A New Lever-Action in the Arsenal: Henry Axe

Most guns fit neatly into categories—hunting, self-defense, cowboy action, plinking; yet, every once in a while, one defies labels. The Henry Axe fires .410 shotgun ammunition from a lever-action platform with metrics to match the Mossberg Shockwave and Remington Tac-14, direct bloodlines to Henry’s own Mare’s Leg “pistols.” Meet the new Axe in the woodpile.

Can You Own the Axe without a Stamp?

Like both the Mossberg and Remington before it, the Henry Axe is easily transferred and owned like any other firearm with the standard form 4473. Per determination by the Bureau of Alcohol, Tobacco, Firearms & Explosives, the H018AH-410 Lever Action Axe .410 is classified as a non-NFA item.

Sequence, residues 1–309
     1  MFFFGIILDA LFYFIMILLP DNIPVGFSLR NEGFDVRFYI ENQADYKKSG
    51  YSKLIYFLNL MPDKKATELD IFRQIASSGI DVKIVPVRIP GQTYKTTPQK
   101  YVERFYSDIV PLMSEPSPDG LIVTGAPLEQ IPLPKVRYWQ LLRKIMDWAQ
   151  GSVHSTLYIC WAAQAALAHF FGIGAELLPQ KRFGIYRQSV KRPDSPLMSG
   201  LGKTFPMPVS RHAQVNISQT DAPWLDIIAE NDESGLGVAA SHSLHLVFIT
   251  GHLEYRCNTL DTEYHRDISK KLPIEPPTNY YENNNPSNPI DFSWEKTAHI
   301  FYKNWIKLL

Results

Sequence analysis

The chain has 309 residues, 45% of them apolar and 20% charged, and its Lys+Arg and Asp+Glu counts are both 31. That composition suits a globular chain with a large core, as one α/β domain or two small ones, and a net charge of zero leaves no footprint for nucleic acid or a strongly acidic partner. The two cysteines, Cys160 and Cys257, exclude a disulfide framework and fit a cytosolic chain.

Shotgun? Pistol? Rifle? Trying to fit the Axe into any of the aforementioned categories is futile, although the gun is capable of more than dabbling in any of them. Per a Henry, “We feel that simply being fun to pull out of the scabbard and shoot again and again should be a category all its own. For those that join us in considering this an important category, the Lever Action Axe .410 delivers in spades.”

What is the Axe?

Henry Axe

Attention to detail on the Axe is exceptional, from the fit and finish to the cowboy logo detail on the butt of the “ax handle.” (Photo: Kristin Alberts/Guns.com)

Henry’s Axe wears a short, round barrel with a length just over 15-inches. The barrel is threaded for Invector-style chokes and finished with a brass front bead. It holds five rounds of 2-1/2-inch shells, interestingly the same capacity as some of the company’s full length .410 shotguns.